|Publication number||US6796698 B2|
|Application number||US 10/063,224|
|Publication date||Sep 28, 2004|
|Filing date||Apr 1, 2002|
|Priority date||Apr 1, 2002|
|Also published as||US20030185005|
|Publication number||063224, 10063224, US 6796698 B2, US 6796698B2, US-B2-6796698, US6796698 B2, US6796698B2|
|Inventors||Mathew Sommers, Patrick Martineau|
|Original Assignee||Gelcore, Llc|
|Export Citation||BiBTeX, EndNote, RefMan|
|Patent Citations (20), Referenced by (200), Classifications (21), Legal Events (4)|
|External Links: USPTO, USPTO Assignment, Espacenet|
The invention relates to the lighting arts. It is especially applicable to the retro-fitting of incandescent light source-based traffic signals with higher efficiency and a more durable light emitting diode (LED)-based light source, and will be described with particular reference thereto. However, the invention will also find application in numerous types of lamps, flashlights, and other illuminators which presently employ inefficient incandescent or fluorescent light bulbs that have high failure rates principally due to filament fragility or fluorescent tube failure. The invention provides LED-based light sources which are safer and have improved versatility and greater compatibility with existing lighting standards.
With reference to FIG. 1, a conventional traffic signal ball 10 such as is used in the ubiquitous three-color (red, yellow, green) traffic control signal is schematically shown. The traffic signal ball 10 is suitable for providing the red, yellow, or green light of a three-color traffic signal, and includes an incandescent light bulb 12 which emits light via a filament 14 which glows when driven by an electrical current. The light bulb 12 includes a threaded electrical connector 16 adapted for connection to a threaded socket 18. The threaded socket 18 and the threaded electrical connector 16 cooperate to transmit electrical power from electrical conductors 20 to the filament 14. Light produced by the light bulb 12 is collected by traffic signal optics including a reflector 22, which is typically a parabolic reflector, and a lens 24 to produce a light beam outwardly directed from the traffic signal ball 10 with a suitable beam spread. The beam spread should be narrow enough to direct the light toward roadway users with a high degree of efficiency, but wide enough so that roadway users including pedestrians at the periphery of the road and drivers a substantial distance from the intersection can readily see the signal.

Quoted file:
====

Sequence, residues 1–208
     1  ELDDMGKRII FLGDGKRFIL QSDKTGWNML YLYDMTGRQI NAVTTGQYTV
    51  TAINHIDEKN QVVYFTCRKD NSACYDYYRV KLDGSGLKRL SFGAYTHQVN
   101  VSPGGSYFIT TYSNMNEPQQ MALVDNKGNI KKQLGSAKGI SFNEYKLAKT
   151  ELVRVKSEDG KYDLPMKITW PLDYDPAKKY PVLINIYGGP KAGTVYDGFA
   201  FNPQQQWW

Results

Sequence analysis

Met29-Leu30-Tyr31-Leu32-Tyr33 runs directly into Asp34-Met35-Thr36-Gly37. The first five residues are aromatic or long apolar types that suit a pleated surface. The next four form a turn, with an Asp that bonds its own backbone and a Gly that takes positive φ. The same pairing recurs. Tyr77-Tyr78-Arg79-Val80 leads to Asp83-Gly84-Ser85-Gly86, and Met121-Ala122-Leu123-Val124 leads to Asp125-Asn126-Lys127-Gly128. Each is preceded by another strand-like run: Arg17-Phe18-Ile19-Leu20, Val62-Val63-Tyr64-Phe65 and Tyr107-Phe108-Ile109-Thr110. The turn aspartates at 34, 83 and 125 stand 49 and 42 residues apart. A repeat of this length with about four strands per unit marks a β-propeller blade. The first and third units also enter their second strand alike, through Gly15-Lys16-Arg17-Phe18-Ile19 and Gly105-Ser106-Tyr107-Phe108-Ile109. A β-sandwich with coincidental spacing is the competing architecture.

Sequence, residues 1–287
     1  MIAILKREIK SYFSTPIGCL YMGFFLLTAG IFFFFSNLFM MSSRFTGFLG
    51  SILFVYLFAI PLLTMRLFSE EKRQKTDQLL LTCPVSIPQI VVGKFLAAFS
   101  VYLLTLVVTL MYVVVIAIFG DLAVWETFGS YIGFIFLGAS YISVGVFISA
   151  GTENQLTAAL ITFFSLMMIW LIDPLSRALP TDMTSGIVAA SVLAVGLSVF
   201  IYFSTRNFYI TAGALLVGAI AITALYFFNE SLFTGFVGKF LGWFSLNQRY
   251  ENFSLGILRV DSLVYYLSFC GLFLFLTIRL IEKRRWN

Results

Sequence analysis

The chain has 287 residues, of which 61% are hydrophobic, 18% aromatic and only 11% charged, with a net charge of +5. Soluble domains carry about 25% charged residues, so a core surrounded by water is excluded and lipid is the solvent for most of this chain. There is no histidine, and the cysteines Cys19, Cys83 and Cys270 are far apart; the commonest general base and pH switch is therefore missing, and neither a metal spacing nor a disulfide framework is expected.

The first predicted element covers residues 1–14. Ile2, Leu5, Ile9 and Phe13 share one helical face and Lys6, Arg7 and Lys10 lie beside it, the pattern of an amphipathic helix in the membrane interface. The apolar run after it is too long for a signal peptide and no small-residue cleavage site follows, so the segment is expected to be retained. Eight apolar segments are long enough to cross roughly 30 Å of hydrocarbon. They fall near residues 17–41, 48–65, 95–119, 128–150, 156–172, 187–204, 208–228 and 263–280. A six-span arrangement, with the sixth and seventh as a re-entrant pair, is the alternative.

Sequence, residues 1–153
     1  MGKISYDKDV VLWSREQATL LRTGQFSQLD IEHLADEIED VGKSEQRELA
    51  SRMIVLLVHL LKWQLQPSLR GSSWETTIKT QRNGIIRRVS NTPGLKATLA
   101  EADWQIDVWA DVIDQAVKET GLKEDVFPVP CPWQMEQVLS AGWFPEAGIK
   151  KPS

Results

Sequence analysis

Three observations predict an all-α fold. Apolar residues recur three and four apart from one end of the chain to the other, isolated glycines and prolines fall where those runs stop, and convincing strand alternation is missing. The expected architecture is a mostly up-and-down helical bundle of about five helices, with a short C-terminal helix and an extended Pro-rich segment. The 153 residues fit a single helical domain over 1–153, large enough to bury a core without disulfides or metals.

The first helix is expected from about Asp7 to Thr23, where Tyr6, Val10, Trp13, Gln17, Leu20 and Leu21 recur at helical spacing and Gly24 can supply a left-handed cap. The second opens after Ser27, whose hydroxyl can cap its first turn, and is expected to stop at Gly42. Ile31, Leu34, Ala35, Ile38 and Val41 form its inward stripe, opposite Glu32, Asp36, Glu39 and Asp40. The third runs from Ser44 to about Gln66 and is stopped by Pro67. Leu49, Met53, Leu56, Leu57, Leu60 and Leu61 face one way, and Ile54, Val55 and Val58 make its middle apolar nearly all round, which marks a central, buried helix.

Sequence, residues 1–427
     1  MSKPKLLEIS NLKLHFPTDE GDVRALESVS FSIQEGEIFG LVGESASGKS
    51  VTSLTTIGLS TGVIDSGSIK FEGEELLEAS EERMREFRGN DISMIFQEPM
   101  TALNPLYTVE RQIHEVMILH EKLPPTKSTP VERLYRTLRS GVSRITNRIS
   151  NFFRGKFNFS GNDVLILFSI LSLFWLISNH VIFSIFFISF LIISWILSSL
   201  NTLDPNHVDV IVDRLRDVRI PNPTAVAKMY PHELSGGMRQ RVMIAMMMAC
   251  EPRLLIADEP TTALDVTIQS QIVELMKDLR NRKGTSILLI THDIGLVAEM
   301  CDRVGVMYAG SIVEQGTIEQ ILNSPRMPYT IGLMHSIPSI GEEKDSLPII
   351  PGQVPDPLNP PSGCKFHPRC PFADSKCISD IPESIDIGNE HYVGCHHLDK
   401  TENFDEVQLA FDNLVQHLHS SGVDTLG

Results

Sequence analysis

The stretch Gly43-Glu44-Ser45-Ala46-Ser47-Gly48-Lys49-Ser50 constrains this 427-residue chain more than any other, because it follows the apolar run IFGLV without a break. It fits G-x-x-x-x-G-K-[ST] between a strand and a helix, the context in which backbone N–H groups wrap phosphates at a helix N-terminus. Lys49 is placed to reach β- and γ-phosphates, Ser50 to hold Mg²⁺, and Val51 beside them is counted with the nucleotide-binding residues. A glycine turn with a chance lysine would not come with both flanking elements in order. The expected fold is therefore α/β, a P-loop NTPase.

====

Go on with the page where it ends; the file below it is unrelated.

The aforementioned components are arranged within a traffic signal ball housing 26 having a cover 28 which typically includes the lens 24. The cover 28 is selectively opened, typically in a hinged manner, to provide access to the light bulb 12 for bulb replacement. The cover 28 optionally includes additional elements such as a visor or a tinted filter (elements not shown) for spectrally filtering the light to produce a red, green, or yellow output. The tinted filter is optionally incorporated into the lens 24 by tinting the lens material. The light bulb 12 typically produces a white light which is colored by passing through the tinted filter or tinted lens 24 to produce one of the red, yellow, and green lights of a known three-ball traffic light. For traffic signal balls providing a shaped light such as a left turn arrow, an “X” lane marker indicating “wrong way”, a pedestrian “walk” or “don't walk” signal, or the like, a masking filter (not shown) is typically included with the cover 28 to define the selected shape.